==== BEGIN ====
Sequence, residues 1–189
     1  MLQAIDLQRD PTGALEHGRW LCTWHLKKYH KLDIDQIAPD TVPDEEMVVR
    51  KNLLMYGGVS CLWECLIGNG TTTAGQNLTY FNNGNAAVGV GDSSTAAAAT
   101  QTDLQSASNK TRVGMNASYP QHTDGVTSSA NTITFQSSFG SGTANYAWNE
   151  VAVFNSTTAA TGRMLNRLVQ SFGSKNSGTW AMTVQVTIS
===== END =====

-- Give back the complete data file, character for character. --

Sequence, residues 1–189
     1  MLQAIDLQRD PTGALEHGRW LCTWHLKKYH KLDIDQIAPD TVPDEEMVVR
    51  KNLLMYGGVS CLWECLIGNG TTTAGQNLTY FNNGNAAVGV GDSSTAAAAT
   101  QTDLQSASNK TRVGMNASYP QHTDGVTSSA NTITFQSSFG SGTANYAWNE
   151  VAVFNSTTAA TGRMLNRLVQ SFGSKNSGTW AMTVQVTIS